Released in 2013, the debut album from Beasto Blanco, ‘Live Fast Die Loud’, made an instant impression on anyone who cranked it up. Like a grande shot of the most potent coffee first thing in the morning, or when you’re in the shower and some bastard runs a tap, it was, and still is, an aural kick to the jigglies. Fast, greasy rock n’ roll played at a wicked pace by long time Alice Cooper bassist, and right hand man, Chuck Garric. Also along for the ride, Calico Cooper. Alice’s daughter proves on a nightly basis that she inherited her father’s flair for theatrics, and has formed a real bond with Garric. The chemistry between them is genuine and impossible to miss.
Be careful in thinking that Beasto Blanco is merely a side project, as this is without any doubt, a band… and what a band at that. Guitarist Chris Latham (Brother Latham to anyone that asks) is mesmeric to watch as he strangles his Gibson to within an inch of it’s life, and his playing on this, the sophomore effort, is sublime. As well as being two of the hairiest, scariest-looking dudes that ever graced a stage, bassist Jan LeGrow, and drummer Tim Husung, bring the driving beats and pounding rhythms on a monstrous scale. Damn, they are also bloody nice chaps too. Mix all of these parts in with Garric switching from four to six strings, as well as Cooper providing some real menace, and you have a living, breathing band. A band that, on this album, has musically stretched its wings and provided some genuinely startling moments.
The grit and the speed from the debut album is still present in abundance. Opener, ‘Buried Angels’, has a classic White-Zombie-led-by-Lemmy vibe about it. Garric has a old-school rasp about his vocals, and his mid song howl is mind blowing, as is Latham’s solo on three minutes but… hold the phones… is that a cowbell I hear?… I got a fever! ‘Grind’ begins with a thumping drum beat from Husung, and Garric spits out one of the best opening lines ever..”I may not have been born with a crown on my head, but mom gave me muscles and knuckles instead”. Hell, yeah! The song then explodes into life with an almost “industrial” rhythm, complete with what sounds like a hammer pounding away on metal.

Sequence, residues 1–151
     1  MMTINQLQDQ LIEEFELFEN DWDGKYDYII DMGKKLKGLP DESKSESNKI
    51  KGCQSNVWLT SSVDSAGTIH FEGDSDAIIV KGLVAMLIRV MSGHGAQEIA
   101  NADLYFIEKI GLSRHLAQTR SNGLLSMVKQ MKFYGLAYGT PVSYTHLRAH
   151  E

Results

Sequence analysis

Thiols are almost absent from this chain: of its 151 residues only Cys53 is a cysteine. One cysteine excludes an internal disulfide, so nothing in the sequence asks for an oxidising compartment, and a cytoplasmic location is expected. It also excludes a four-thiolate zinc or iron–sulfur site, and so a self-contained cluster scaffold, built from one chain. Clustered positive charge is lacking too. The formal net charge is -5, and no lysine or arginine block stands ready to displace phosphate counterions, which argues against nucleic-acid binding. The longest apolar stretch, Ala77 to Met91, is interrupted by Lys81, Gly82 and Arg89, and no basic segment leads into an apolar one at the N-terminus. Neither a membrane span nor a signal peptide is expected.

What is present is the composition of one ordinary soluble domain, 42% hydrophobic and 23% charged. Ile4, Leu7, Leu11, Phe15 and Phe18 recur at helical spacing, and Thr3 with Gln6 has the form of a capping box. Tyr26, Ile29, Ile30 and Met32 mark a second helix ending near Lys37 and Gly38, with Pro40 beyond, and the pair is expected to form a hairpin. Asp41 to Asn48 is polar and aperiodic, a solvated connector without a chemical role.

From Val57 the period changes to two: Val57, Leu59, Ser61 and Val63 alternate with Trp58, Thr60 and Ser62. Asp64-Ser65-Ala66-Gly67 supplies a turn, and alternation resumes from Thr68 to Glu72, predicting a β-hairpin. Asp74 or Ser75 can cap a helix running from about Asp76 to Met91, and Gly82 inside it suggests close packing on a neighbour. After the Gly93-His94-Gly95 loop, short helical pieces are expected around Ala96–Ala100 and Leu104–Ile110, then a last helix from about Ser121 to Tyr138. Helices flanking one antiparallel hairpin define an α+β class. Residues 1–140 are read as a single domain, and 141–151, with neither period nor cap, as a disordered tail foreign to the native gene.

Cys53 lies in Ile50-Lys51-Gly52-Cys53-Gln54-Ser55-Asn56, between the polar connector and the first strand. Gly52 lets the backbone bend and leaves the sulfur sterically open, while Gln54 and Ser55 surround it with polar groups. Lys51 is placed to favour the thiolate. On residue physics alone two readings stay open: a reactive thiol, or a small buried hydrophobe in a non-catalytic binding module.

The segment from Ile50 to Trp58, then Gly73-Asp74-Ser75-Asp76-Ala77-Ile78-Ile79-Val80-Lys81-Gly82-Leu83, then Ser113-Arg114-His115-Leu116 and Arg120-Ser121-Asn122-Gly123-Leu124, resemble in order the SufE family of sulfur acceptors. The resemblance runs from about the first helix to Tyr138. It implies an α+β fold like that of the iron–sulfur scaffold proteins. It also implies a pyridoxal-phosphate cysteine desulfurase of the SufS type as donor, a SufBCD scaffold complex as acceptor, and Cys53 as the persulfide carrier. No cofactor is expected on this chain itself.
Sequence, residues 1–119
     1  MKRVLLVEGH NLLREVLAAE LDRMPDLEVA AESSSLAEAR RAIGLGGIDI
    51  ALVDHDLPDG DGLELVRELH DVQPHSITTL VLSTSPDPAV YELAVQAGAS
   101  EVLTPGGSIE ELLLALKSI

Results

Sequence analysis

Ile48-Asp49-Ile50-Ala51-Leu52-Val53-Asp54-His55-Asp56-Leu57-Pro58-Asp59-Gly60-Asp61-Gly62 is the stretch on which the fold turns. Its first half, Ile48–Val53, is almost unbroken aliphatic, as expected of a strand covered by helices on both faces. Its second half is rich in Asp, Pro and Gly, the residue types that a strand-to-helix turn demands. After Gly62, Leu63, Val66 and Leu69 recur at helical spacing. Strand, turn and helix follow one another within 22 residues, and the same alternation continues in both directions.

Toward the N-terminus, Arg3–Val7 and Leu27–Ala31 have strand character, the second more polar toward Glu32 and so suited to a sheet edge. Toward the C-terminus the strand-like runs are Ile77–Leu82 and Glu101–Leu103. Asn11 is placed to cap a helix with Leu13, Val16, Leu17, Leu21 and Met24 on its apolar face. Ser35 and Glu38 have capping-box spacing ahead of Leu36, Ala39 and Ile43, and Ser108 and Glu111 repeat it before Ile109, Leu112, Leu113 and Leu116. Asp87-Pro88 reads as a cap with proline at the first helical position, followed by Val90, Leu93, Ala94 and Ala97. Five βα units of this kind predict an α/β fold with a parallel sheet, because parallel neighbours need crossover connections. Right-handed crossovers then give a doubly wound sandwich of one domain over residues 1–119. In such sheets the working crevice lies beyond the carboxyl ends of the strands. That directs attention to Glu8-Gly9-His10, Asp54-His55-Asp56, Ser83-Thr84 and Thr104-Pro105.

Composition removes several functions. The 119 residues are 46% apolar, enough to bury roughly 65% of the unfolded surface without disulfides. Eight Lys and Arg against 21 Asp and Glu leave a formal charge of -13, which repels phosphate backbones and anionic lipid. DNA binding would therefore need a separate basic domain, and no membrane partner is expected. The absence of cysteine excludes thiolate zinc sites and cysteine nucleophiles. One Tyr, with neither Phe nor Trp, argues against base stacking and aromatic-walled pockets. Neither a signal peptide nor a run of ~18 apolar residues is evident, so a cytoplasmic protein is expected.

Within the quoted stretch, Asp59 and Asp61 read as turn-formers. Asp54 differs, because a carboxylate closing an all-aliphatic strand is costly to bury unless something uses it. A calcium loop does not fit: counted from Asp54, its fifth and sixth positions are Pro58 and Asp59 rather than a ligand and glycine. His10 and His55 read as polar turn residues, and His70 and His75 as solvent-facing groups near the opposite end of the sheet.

One of the pleasing aspects on the album is way more vocals from Calico. One such example is the stunning cover of ‘Feed My Frankenstein’. Beasto Blanco have taken one of Alice Cooper’s most beloved tracks of the last few decades and knocked it on its ass. Beginning with an acoustic intro from Latham, it builds into a smouldering few minutes of pure unadulterated rawk for a new generation. Calico handles the verses with her sultry, almost spoken word, vocals that breathe new life into a slice of Cooper history. She also takes lead vocals on ‘Machine Girl’ which spews forth into the world like a Tarantino soundtrack speeding out of it’s skull, apt description considering that Beasto Blanco would be the ideal house band for The Titty Twister bar, open From Dusk Till Dawn, if you are ever in the area?
The main crux of the album, I feel, is the trilogy that forms mid album. ‘Dark Matter’ begins with a good old fashioned Moog synthesizer playing over Garric’s effects-laden vocals, atmospheric and dark as hell. Just as you think the song is beginning to fade out, Beasto Blanco come back, and the listener’s mind is blown, the searing solo from Latham having the same effect as Dave Gilmour’s did on ‘Comfortably Numb’. Having not yet recovered fully from this moment, the volume is hiked up, and Bad Santa himself is whispering into my ear….”The dark is good for hunting…”. ‘Sadhana’ is a short, but stunning, spoken word piece from Billy Bob Thornton from an original poem written by Chuck’s wife Lindsay. Listen to it on headphones, and it is very unnerving. Then it’s straight into ‘I Rise’, and we’re back on familiar territory with Beasto Blanco rattling along at breakneck speed. Individually, three very different moments, but collectively, they flow seamlessly into one another. From here on in it’s rock and fucking roll with a huge beaming smile on everyone’s face as ‘Honey’, ‘Blind Drive’, and the foot stomping ‘Damnation’ round the album off in fine style.
My end of year top five albums list was complete until Beasto Blanco came roaring out of the left field with a genuine, totally surprising album that simply refuses to leave my mindset. Available now through Rat Pak Records
Review: Dave Stott